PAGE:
Every Spring Break and Summer Moms are on the hunt to find the right sunscreen for their baby/kids. We put together some Safe Choice facts to prevent sunburns this summer. Did you know that a lot of sunscreens are actually so loaded with chemicals that they CAUSE the cancer they are trying to prevent? Sounds crazy, but because the FDA is so slow regulating hazardous chemicals in sunscreen and approving the new safer ones, not all sunscreens on the market are safe.
What makes a “bad” sunscreen?
So, how can you tell if a sunscreen is “bad”? Consider the factors below.
There are two stinkers to really watch out for. Oxybenzone acts like a shot of estrogen in the bloodstream and disrupts hormones. Neutrogena is loaded with it. Another one is retinyl palmitate (or really retinyl anything). When sun shines on it, it can cause skin tumors and other problems).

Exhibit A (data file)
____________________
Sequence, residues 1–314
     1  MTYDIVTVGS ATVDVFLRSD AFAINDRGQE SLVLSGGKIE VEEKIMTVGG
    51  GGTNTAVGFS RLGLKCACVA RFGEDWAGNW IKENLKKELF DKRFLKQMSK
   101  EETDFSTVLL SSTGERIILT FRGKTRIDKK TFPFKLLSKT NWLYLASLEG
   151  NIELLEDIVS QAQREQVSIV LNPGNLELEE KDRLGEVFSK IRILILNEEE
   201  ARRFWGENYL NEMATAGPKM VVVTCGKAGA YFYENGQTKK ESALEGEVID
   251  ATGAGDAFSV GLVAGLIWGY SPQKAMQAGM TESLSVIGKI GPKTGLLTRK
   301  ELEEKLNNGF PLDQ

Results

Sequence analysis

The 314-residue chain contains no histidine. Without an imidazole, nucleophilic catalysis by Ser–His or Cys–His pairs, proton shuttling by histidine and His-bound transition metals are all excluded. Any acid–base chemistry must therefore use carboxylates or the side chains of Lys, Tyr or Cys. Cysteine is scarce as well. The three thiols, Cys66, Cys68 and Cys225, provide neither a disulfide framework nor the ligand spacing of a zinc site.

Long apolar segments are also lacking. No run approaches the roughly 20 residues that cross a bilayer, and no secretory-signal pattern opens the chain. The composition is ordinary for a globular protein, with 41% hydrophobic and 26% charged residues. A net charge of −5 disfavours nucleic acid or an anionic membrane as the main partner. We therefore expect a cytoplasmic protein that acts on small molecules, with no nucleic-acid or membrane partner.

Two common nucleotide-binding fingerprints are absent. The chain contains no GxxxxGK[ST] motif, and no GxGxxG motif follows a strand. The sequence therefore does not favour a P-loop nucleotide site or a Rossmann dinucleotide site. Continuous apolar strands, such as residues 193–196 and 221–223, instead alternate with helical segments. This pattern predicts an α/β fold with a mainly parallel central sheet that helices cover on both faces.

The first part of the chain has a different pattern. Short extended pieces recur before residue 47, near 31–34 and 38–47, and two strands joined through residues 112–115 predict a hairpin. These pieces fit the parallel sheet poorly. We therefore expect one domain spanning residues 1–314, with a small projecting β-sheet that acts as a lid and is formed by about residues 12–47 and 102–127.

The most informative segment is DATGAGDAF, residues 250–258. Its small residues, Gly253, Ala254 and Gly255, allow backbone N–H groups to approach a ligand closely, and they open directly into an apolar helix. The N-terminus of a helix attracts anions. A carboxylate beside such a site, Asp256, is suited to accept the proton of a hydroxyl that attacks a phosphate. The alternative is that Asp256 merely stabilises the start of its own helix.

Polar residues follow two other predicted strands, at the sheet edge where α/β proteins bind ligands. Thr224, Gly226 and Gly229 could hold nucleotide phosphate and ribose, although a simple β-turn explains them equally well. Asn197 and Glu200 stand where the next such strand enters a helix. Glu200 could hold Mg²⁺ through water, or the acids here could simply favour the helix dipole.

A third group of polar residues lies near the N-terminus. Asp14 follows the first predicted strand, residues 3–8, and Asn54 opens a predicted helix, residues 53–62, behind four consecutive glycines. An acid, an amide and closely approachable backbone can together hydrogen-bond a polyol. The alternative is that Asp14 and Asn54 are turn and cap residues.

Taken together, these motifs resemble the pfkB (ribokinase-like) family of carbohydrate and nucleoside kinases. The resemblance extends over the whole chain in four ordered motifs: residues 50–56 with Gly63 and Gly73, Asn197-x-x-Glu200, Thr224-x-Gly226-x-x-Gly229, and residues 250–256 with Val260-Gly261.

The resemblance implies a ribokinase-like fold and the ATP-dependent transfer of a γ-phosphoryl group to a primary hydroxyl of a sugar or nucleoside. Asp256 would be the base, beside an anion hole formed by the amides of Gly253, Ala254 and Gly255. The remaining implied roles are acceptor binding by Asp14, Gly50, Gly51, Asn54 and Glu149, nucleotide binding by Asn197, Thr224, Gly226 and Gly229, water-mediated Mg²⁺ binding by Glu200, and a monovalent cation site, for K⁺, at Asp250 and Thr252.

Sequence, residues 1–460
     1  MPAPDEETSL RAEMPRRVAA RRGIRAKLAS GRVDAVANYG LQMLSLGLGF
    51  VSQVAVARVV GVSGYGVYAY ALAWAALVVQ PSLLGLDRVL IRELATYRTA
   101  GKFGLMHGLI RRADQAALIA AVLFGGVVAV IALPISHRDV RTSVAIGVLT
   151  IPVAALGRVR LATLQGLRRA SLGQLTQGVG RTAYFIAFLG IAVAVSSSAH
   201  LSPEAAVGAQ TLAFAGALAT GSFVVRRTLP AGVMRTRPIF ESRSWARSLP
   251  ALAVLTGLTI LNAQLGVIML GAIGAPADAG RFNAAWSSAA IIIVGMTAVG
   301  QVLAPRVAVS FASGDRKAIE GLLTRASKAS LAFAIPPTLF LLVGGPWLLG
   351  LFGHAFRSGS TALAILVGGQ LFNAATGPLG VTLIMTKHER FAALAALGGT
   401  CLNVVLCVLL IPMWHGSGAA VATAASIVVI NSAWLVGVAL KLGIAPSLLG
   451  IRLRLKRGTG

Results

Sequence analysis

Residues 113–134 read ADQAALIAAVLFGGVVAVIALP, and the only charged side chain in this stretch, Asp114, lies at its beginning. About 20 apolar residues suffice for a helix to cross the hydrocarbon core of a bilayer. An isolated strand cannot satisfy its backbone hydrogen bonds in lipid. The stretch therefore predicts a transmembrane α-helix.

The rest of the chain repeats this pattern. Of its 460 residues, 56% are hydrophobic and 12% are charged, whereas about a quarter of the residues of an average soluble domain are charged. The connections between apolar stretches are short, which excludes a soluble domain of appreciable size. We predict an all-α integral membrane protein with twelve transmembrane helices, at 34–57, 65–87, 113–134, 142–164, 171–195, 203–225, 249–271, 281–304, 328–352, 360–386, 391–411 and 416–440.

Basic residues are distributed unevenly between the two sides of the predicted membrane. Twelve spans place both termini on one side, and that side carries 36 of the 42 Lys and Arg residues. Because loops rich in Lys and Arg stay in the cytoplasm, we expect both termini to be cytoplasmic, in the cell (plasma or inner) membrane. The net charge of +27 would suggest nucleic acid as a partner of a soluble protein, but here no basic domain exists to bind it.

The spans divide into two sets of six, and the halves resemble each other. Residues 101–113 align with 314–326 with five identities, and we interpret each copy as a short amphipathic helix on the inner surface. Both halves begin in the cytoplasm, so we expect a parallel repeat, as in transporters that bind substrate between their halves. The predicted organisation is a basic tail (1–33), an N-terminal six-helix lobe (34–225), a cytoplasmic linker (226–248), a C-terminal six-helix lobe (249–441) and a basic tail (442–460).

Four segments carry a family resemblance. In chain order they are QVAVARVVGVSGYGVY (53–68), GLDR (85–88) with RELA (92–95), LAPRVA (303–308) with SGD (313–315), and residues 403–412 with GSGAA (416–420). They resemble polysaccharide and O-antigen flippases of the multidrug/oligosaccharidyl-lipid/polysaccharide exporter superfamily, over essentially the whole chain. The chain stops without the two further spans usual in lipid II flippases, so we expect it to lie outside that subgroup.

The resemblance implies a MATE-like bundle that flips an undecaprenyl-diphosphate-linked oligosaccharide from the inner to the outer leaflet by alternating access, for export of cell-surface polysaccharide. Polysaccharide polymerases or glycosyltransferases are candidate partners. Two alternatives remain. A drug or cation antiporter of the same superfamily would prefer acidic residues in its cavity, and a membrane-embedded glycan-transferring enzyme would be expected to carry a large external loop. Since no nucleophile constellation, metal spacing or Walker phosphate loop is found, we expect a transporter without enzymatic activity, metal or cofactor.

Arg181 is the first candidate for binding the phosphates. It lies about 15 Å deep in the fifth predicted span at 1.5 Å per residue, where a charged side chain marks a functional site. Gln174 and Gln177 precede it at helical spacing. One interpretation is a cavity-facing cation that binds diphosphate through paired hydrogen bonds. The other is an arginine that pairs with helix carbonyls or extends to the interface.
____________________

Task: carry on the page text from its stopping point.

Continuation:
2. SPF 50+
Never choose a sunscreen with an SPF over 50.Why? SPF is an outdated idea that protects you from UVB rays. UVB rays cause sunburn, but an SPF below 50 will be fine for that. Sunscreens with super high SPF may NOT protect you from UVA rays and these are the ones that cause skin cancer. Just because you are not getting a burn doesn’t mean you are not being exposed to harmful rays.
3. Spray Sunscreens
They are convenient. Believe me, I know. Kids chomping at the bit to get into the waves are like restraining a herd of horses. But did you know inhaling that stuff is awful for little lungs? I didn’t. Sadly but surely, I gave the sprays up.
Which sunscreen should you consider?
The good ones are generally the crunchy-granola kind – you know, heavy, oily, the kind so loaded with zinc it coats you in greasepaint kinda like a summer clown. I personally like Supergoop, sold here at the Motherhood Center, not only is it safe but it feels light and non-greasy like traditional sunscreens.
But even the perfect sunscreen is just one tool among many to protect baby from the sun. Those old-school Victorian staples should always be a part of your routine to prevent most sun damage.
- Long sleeves
- Sunshades at the beach
- Avoiding the sun at its peak
Be safe and have a great summer!